This article originally appeared on Time.
White House Press Secretary Sean Spicer is eyeing ceding the podium in the coming weeks to take on the role of Senior Advisor for Communications on a full-time basis, according to two officials.
Spicer began the Administration acting in both the press secretary and communications director capacities and returned to wearing the two hats last month after Mike Dubke departed the White House.
The move, which is still not finalized, would be part of a broader shake-up of the West Wing communications operations, amid presidential frustrations and key vacancies in the department. Such a redefinition of roles has been discussed for months inside the White House, but has never materialized due to troubles filling the position.
Spicer, who would be senior to both the press secretary and communications director under the proposed new structure, has been handing off more day-to-day press briefing responsibilities to Principal Deputy Press Secretary, while increasingly shifting to holding daily press briefings off camera.
“There are days that I’ll decide that the President’s voice should be the one that speaks, and iterate his priorities,” Spicer said Monday during one such occasion.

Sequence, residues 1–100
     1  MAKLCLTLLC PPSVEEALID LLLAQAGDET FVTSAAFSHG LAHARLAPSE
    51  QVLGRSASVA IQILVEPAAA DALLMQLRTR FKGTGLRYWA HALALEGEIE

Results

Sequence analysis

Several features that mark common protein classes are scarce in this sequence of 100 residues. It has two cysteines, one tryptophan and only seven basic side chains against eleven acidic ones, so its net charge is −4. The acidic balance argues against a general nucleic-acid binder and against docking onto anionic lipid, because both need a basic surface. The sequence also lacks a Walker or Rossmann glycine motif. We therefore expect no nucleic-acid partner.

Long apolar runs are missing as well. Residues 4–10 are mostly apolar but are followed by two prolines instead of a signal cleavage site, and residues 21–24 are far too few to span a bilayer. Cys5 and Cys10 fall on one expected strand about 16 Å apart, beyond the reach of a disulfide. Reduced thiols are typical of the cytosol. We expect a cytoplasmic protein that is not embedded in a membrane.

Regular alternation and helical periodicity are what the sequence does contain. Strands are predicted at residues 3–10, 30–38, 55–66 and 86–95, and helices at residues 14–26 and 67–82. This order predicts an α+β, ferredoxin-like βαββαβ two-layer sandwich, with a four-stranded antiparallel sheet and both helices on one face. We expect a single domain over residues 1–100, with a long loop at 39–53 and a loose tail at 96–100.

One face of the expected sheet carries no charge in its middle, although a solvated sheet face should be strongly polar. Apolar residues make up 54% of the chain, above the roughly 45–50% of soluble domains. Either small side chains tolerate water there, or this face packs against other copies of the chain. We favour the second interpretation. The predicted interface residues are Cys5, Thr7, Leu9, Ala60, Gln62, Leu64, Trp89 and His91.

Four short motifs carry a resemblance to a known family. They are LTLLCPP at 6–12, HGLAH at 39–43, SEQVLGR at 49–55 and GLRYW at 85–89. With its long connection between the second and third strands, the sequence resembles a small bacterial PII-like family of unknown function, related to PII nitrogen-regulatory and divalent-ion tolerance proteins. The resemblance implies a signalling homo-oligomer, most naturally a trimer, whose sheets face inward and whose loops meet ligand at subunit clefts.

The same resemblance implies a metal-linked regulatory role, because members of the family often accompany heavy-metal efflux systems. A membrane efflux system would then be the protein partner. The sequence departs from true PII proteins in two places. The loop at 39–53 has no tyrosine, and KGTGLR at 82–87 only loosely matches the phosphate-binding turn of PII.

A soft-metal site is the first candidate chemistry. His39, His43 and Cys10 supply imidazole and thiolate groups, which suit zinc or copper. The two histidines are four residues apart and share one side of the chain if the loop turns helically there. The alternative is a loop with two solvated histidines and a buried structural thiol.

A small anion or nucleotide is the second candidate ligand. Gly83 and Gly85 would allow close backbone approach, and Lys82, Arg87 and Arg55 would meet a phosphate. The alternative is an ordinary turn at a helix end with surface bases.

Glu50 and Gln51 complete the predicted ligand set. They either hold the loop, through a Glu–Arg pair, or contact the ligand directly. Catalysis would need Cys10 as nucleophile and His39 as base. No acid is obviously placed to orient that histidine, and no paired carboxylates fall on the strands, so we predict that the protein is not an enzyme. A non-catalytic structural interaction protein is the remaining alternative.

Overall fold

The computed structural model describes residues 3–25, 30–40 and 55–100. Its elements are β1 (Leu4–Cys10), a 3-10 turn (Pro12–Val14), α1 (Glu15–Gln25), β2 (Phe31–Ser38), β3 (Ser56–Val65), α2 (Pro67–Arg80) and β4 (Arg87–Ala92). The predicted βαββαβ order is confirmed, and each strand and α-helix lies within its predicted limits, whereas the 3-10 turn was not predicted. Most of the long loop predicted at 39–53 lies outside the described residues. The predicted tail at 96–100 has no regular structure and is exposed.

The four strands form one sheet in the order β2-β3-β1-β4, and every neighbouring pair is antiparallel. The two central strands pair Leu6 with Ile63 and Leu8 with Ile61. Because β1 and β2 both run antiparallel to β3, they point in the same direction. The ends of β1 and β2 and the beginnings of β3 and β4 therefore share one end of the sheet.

Sources said Sanders wasn’t interested in on a full time basis, and the White House has re-interviewed some of those it previously passed over for the role, but that there have as yet been no hires made.
“We have sought input from many people as we look to expand our communications operation,” Sanders said in a statement. “As he did in the beginning, Sean Spicer is managing both the communications and press office.”
Trump has been frustrated at times with Spicer’s performance on camera, and with the over-loaded and under-staffed communications teams’ struggles to defend his more controversial actions, including his decision to fire FBI Director James Comey.
But Trump only informed his team about that decision just an hour before announcing it publicly—and he announced his nominee for Comey’s replacement without the knowledge of his press team entirely—hampering their ability to explain the president’s actions.
White House officials cautioned that the move is still not final, and that the shake-up is predicated on filling at least some of the vacant positions, which include communications director, deputy press secretary, and director of surrogates—let alone the possibility of a filling Spicer’s current job.
The White House has struggled to fill several key administration jobs over concerns about turf battles, disorganization, and the expanding Russia investigation.